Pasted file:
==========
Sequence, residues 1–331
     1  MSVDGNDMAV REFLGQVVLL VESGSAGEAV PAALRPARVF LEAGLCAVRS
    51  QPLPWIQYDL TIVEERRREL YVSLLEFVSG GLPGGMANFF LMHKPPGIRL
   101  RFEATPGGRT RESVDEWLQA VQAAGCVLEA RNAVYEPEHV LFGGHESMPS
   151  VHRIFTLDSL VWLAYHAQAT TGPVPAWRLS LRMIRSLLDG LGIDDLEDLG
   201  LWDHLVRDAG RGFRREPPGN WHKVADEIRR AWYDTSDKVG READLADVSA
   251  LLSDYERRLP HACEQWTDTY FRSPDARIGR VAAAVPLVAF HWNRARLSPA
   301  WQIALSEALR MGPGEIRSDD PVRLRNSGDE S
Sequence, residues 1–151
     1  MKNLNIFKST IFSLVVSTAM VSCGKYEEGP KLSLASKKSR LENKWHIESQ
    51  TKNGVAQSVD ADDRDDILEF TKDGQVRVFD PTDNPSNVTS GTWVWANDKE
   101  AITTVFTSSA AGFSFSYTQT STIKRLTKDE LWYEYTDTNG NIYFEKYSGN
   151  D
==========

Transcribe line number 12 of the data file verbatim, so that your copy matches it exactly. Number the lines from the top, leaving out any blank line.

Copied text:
   101  AITTVFTSSA AGFSFSYTQT STIKRLTKDE LWYEYTDTNG NIYFEKYSGN